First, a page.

Reel Life: Flick Pix
Sympathy for the Irish women enforcers of religious dogma
By Nora Lee Mandel
(World Premiere in “Spotlight Narrative” at 2023 Tribeca Film Festival)
The Miracle Club
Directed by Thaddeus O’Sullivan
Written by: Jimmy Smallhorne, Timothy Prager and Joshua D. Maurer, based on a story by Smallhorne
Produced by Chris Curling, Joshua D. Maurer and Alixandre Witlin, Larry Bass and Aaron Farrell, John Gleeson and Oisín O’Neill
91 minutes. Ireland/UK. Not Rated
With: Laura Linney, Kathy Bates, Maggie Smith, Agnes O'Casey, Stephen Rea, Mark O’Halloran, Mark Mckenna, and Nial Buggy
Release by Sony Pictures Classics - opens in U.S. theaters July 14, 2023
We’ve seen on screen how cruelly Irish families and their Catholic institutions of the 1950’s/’60s treated free-spirited daughters who broke convention, in Peter Mullan’s The Magdalene Sisters (2002), and more selectively in Stephen Frears’ Philomena (2013). But as the revelations of journalists, historians, and government investigations have made the Irish face up to the impact of their strict conservative application of religious strictures, along comes The Miracle Club to spread the balm of forgiveness and a palliative to guilty responsibility.
Set in 1967, the story takes a long introduction to establish sympathy for the enforcers of community standards in Dublin’s working class Ballygar neighborhood -- the downtrodden wives and mothers. With husbands as comically inept at home as the most stereotyped TV fathers, the wives fill up the homes with children, kitchens with meals, and the church with volunteers.
From the opening, three generations of wives are preparing for the night’s church fundraiser: the eldest is mournful “Lily Fox” (Maggie Smith) bringing flowers to a seaside Madonna; then tart-tongued “Eileen Dunne” (Kathy Bates) failing to persuade one of several teen daughters against her dissolute boyfriend; and the mini-skirted youngest “Dolly” (Agnes O'Casey) trying to convince her husband that another approach could “cure” their silent six-year-old son.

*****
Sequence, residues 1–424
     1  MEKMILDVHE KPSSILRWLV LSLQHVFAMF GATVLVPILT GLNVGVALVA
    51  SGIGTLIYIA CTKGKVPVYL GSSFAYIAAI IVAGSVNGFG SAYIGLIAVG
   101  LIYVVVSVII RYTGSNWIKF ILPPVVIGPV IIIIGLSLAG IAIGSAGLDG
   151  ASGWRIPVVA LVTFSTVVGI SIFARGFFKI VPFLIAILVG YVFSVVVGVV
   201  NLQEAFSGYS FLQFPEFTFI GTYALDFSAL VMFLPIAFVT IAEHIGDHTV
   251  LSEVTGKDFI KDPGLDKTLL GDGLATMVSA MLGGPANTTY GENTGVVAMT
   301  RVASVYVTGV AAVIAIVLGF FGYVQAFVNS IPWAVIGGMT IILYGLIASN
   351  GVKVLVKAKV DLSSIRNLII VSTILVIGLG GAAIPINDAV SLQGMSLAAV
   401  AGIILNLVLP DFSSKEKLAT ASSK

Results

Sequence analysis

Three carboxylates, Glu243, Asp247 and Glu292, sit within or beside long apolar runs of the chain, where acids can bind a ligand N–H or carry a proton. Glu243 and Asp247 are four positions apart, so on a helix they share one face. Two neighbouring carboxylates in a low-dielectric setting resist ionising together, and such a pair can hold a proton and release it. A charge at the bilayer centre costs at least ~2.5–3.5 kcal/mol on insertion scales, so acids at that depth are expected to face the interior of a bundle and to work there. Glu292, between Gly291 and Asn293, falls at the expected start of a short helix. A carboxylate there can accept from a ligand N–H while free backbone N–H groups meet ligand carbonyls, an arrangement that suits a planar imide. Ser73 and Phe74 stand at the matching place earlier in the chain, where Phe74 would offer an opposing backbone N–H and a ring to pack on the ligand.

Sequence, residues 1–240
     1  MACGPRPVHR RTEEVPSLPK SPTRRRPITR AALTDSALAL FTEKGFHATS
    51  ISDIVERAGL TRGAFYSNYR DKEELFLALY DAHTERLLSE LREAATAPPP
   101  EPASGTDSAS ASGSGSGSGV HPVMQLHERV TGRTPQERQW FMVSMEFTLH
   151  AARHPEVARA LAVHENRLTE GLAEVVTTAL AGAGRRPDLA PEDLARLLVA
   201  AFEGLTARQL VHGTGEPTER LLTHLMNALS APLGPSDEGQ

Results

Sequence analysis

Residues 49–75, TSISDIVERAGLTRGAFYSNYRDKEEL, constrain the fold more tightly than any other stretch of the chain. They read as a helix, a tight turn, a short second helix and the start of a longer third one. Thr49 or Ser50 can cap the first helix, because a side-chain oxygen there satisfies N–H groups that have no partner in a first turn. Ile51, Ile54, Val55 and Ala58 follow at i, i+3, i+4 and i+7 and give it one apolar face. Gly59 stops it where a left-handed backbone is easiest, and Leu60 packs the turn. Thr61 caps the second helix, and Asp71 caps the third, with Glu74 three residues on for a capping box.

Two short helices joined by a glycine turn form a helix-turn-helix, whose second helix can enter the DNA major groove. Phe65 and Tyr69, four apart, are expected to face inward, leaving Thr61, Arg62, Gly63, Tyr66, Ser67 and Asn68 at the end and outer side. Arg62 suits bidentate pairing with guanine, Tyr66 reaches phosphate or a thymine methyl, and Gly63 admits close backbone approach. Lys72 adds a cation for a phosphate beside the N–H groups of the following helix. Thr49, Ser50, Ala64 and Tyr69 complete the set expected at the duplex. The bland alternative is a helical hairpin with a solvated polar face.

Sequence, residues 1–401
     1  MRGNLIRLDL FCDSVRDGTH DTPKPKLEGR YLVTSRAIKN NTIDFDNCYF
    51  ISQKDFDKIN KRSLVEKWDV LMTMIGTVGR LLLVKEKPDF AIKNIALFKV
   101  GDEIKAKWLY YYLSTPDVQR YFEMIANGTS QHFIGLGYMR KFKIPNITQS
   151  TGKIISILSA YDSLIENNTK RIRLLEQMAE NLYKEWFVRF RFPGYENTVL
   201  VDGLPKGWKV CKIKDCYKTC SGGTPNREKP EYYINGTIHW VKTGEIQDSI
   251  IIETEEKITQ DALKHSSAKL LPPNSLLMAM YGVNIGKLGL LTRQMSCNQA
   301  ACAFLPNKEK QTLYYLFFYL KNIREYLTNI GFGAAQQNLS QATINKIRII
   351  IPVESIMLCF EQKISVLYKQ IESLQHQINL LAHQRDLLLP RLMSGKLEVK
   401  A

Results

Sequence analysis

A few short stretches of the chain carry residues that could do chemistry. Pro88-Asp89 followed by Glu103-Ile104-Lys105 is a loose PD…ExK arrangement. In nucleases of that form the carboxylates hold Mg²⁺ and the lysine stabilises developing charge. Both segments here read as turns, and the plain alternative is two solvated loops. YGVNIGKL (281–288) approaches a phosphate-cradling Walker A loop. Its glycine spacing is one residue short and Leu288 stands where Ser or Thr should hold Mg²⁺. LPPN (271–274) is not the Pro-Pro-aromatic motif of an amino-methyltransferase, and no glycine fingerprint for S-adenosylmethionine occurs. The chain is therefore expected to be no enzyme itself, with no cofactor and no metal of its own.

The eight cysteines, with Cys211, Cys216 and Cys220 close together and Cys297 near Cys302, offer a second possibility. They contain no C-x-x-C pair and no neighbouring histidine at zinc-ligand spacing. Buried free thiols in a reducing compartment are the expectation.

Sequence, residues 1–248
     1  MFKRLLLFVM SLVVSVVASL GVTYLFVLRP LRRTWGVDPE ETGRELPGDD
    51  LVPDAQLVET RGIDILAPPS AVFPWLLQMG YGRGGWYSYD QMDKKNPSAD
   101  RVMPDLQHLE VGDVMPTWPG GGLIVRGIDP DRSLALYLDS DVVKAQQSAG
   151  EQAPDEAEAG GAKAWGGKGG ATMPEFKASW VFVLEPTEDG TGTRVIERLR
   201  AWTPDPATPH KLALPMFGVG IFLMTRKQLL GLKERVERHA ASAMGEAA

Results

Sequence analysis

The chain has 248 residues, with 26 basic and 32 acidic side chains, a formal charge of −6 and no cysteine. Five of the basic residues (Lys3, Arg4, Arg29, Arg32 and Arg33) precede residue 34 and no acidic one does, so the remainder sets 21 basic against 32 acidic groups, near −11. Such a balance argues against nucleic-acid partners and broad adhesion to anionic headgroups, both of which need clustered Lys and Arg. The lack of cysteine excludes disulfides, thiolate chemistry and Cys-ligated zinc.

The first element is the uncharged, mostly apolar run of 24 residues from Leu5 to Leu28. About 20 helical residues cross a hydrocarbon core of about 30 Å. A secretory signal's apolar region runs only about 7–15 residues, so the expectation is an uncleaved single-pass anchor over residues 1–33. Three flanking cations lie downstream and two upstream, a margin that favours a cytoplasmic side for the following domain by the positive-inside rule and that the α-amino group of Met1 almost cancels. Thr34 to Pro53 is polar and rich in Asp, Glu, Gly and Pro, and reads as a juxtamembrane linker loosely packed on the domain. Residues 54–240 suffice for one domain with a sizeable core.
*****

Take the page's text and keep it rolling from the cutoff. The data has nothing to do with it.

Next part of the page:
Into this busyness, comes a different quiet force – the return of the prodigal daughter from America, well-dressed “Chrissie” (Laura Linney). She’s just missed the funeral service for her mother “Maureen”. But “Father Dermot Byrne” (Mark O’Halloran) assures her the flowers covering the coffin have been paid for and hands over the keys to the house she grew up in -- and was banished from 40 (!) years ago. He is also quick to explain that the night’s fundraiser will go on anyway, because her mother was on the committee to take a pilgrimage to Lourdes in France. She had already purchased a ticket, that her daughter declines to use. So he can pass it on to “Eileen” secretly desperate about her own health.
”Chrissie” is like the ghost at the banquet after the women perform as a pop trio in matching flowery dresses. Nasty retorts are exchanged. But the letter from her mother that “Lily” later hands her at the cemetery softens enough bitterness for them to begin to communicate.
Starting out to Lourdes, the Irish women fully believe in miracles. The context of experiencing the reality there shows just how all-consuming Catholicism was in their lives to understand how their faith in the Church could lead them to reject friend and family who violated its precepts. “Chrissie” gets to vent about past injustices (including a cutting line about the nuns and a confusing claim about who was her confidante), truths are revealed and faced, and there’s some tears.
It is almost incongruous to these truths that the film strains so hard to be heart-warming, and yet this superb cast does manage to pull it off. Even “Eileen”s caustic comments about Lourdes come across as comic relief. And the husbands (including Stephen Rea) manage to cope. Conveniently, “Chrissie” seems to have gotten some sort of unexplained medical training in Boston so she can literally help heal them.
Last year, Irish Catholics sent a “National Synthesis” document to the Vatican, demanding changes in church attitudes and policies, that the former president described as “explosive, life-altering, dogma altering, church altering”. That could be one of the miracles this club will believe in for their future.
Nora Lee Mandel is a member of New York Film Critics Online. Her reviews are counted in the Rotten Tomatoes TomatoMeter:
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My reviews have appeared on: FF2 Media; Film-Forward; Lilith, FilmFestivalTraveler; and, Alliance of Women Film Journalists and for Jewish film festivals. Shorter versions of my older reviews are at IMDb's comments, where non-English-language films are listed by their native titles.
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